Are you having nightmares of mold and mildew getting in your RV?
Mold and mildew aren’t the same things! Both are fungi. Mold tends to be the more health-hazardous of the two. It is darker and fuzzier. Mildew turns into a white, powdery substance.
Mold growth begins with a spore – or more than likely, a few bazillion of them. They’re everywhere. In fact, you’re probably inhaling a few right now. Thank your nose hairs for keeping your lungs clean!
Now, let’s find out what causes mold in an RV – and more importantly, how do you get rid of it!
How Does Mold Get in an RV?
A spore needs five ingredients in order to thrive:
- Food source.
1. Food Source
Food can be wood, cardboard, paper, bread, tomatoes, even dust. Most any cellulose-based material can serve as food. In an RV, common mold sources include plywood paneling, paper wallpaper facing, and wooden sheet goods in furniture.
This is one reason why glass and plastic shed mold so easily. Mold can’t feed on glass; it can only feed on the dust and debris on the surface. If you keep the glass clean, the spores will starve.
Mold can’t grow at sub-freezing temperatures. In fact, many molds thrive only between 70 and 120 degrees Fahrenheit. In general, mold is comfortable at the same temperatures you are. Many become dormant when the thermometer drops below 40 degrees – hence why your residential fridge is set at 39 degrees.
UV light kills fungi spores and other microbes. Mold thrives in dark places like the interior of your cabinets and inside your ceiling structure. Unlike most plants, mold is not photosynthetic; it has no need of sunlight to grow.
They don’t need much, but a little oxygen is essential for growth. Mold won’t grow inside an airtight laminated wall, for instance. The challenge is that very few construction assemblies can truly be considered “airtight”!
5. Moisture or Humidity
Mold cannot grow in dry, arid conditions. Moisture, either liquid or vapor, drives growth. This is the number one problem when dealing with mold and mildew infestations in an RV or camper: Too much moisture!
Do All Campers Have Mold?
If you’re shopping for a used RV, it can seem like almost all older campers have mold or mildew: on the walls, the ceiling, the floor corners, etc.
This is for three reasons.
- RVs are built with a 10-20 year lifespan.
- Unlike houses, RVs are not built to “breathe.”
- RVs are normally stored unventilated.
You can’t do much about build quality. But you can choose to store your RV correctly so mold doesn’t have a chance to take hold!
P.S. It’s a common misconception – dare I say a fear – that all wood-framed campers will eventually mold. That is not, strictly speaking, true. There’s no reason a well-maintained wood-framed RV stored in a dry place will necessarily rot. I would pay more attention to the construction quality than anything else. Besides, if part of your structure does begin to rot from leaks, it’s usually your ceiling panels or your subfloor, first.
How to Prevent Mold in Your RV
Seal Your Roof
Most leaks in a camper originate from the roof. Common failure points are:
- The roof edge corner joints
- Pipe penetrations
- Roof fan and AC mounts
Wall penetrations are other usual suspects. Fridge vents are known to leak in high winds. Windows are the worst offender outside of roof-edge leaks.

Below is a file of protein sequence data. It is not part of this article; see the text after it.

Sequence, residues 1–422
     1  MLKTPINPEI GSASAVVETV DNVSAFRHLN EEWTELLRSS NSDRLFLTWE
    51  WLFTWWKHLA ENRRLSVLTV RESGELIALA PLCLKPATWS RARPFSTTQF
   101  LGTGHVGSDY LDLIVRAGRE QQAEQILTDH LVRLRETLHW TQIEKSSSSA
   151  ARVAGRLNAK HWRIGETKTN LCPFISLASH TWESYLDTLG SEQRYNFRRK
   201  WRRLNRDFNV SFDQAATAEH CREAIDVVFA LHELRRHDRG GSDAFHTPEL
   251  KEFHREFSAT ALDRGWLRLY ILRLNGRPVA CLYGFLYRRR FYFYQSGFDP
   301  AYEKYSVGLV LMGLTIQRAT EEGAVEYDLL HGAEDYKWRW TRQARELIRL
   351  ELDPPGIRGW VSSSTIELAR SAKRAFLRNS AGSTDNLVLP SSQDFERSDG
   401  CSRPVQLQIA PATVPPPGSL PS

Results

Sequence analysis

I cannot overstate the importance of maintaining your roof sealants! Either check and/or re-seal your roof and wall caulking every 6-12 months, or else upgrade your RV roof with a permanent roll-on coating like RV Armor.
Check Your Plumbing
A network of semi-rigid PEX pipes, flexible vinyl hoses, and stiff white PVC pipes carry supply and drain water around your camper.
Common plumbing leak sources include:
- Loose PEX crimp rings
- The plastic threads on the backsides of outdoor showers
- Faulty water pumps
- Loose slip fittings underneath sinks
Most of these can be easily fixed with DIY tools and a half-hour of your time. Read my guide to fixing your own PEX here.
Store In a Dry Place
This is so important! There is no better way to prevent mold in your RV than by storing your RV in a dry place!
Preferably, that means an enclosed garage. If not that, then an RV carport. A camper should also be partially ventilated to reduce interior condensation from diurnal temperature swings.
Don’t use a tarp. Tarps just trap moisture and make the problem worse. You need to keep the interior humidity at 50% or less.
Use Anti-Mold Spray
Now, I haven’t used this spray myself, but I’ve heard it works wonders. Anti-mold spray contain fungicides that kill mold spores before they can proliferate. They are an excellent solution for mold-proofing cabinet interiors.
However, not all are food-safe. A quick, effective DIY solution is undiluted white vinegar, which kills many mold species. (FYI, most soaps do not kill mold spores.)
How to Remove Mold from a Camper
If your RV already has mold, I have good news and bad news.
Good news: A thorough scrubbing with the above-mentioned sprays will eliminate the black mold and mildew from your shower, wallpaper, ceiling, etc. Cleaning with a bleach solution is the best way to kill any existing mold.
Bad news: If the mold has infiltrated your structure, there’s no easy fix. RVs aren’t designed for easy DIY renovation. Just removing an infected ceiling panel might require removing three cabinets, ceiling lights, and an air conditioner shroud!
This is one of those situations where an ounce of prevention is worth a pound of cure. By maintaining a low level of humidity, however, you can pause the mold growth. You won’t likely kill the spores, but you can make them dormant. That will reduce the musty smell and may alleviate asthma and allergic reactions, which is incredibly important to the air quality of your RV.